Midday makeover for school lunches
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Tina Dilks, left, and Deb Voss prepare cheeseburgers as one of the lunch items at Delavan-Darien High School recently. Although cheeseburgers might still be on the menu sometimes, schools have had to adjust their menus to follow new nutritional guidelines from the U.S. Department of Agriculture. Terry Mayer photo.
DELAVAN -- The U.S. Department of Agriculture introduced the American palate to its food guide pyramid in 1992 and gave it a visual and nutritional makeover in 2005. Both versions, as well as their messages, received equal helpings of criticisms.
(Read all of this week's stories from Walworth County Sunday HERE. )
In 2011, the pyramid turned into a plate, something simple, more recognizable and easier for people of all ages to understand. It also is an extension of the 2010 Dietary Guidelines for Americans, a strategy that first lady Michelle Obama and others are using to raise standards while improving the health and nutrition of nearly 32 million children who participate in daily school meal programs.
While the recommendations are a major step forward in theory, making children follow the new guidelines and getting food service personnel up to speed have created numerous challenges.
The standards, announced early in 2012, focus on five principles:
-- Ensuring students are offered fruits and vegetables every day
-- Substantially increasing offerings of whole-grain foods
-- Offering only fat-free or low-fat milk options
-- Limiting calories based on children’s ages to ensure proper portion sizes
-- Reducing saturated and trans fats and sodium
The new standards have been keeping people like Tina Hudy quite busy. Hudy is the nutrition director with the Delavan-Darien School District, where she has worked for 27 years.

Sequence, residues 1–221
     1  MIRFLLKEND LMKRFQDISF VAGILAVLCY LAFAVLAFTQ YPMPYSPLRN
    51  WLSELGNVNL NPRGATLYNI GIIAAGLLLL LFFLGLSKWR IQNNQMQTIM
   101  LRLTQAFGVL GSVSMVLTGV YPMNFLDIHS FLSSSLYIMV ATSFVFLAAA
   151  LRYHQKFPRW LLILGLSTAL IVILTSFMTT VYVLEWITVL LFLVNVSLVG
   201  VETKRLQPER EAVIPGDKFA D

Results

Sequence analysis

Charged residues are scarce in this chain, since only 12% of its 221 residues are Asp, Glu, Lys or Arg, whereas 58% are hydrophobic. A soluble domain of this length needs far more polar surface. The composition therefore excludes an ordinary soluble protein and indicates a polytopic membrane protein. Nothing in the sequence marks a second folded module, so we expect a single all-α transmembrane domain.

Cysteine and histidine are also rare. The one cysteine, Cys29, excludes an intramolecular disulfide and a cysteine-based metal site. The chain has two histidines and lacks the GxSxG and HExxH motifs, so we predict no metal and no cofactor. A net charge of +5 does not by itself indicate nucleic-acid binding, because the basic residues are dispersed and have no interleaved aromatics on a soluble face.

“First of all, I don’t think the new standards are a bad thing, I just believe it was a lot of material to bite off all at once,” Hudy said. “It was a lot to take into account, especially when it comes to menu planning. You have to orient the staff, and then the kids. You have to see that they’re not only taking the food, but that they’re eating it. We don’t want to have healthy garbage cans, we want to have healthy kids.”
Donna Ecklund directs the food services department for Lake Geneva Joint 1 School District and Badger Union High School.
“It definitely has been challenging in meeting the new requirements as far as menu planning,” Ecklund said. “We have not gotten too much feedback from students, parents or staff. But there was a learning curve in the beginning, making kids understand the new offerings versus serving requirement, which says that one of the items taken must be a fruit or vegetable.”
However, arguably the most controversial aspect of the new guidelines revolves around the actual numbers, as in portion sizes that limit calorie counts: 850 calories for high schoolers, 700 for middle schoolers and 650 for elementary students.
Mukwonago Area School District grabbed the national spotlight when students, especially athletes, staged a boycott in mid-September: 70 percent of the high school’s 830 students who normally buy lunch in the cafeteria protested what they said was a “one size fits all” strategy. About half of the district’s middle schoolers did the same thing.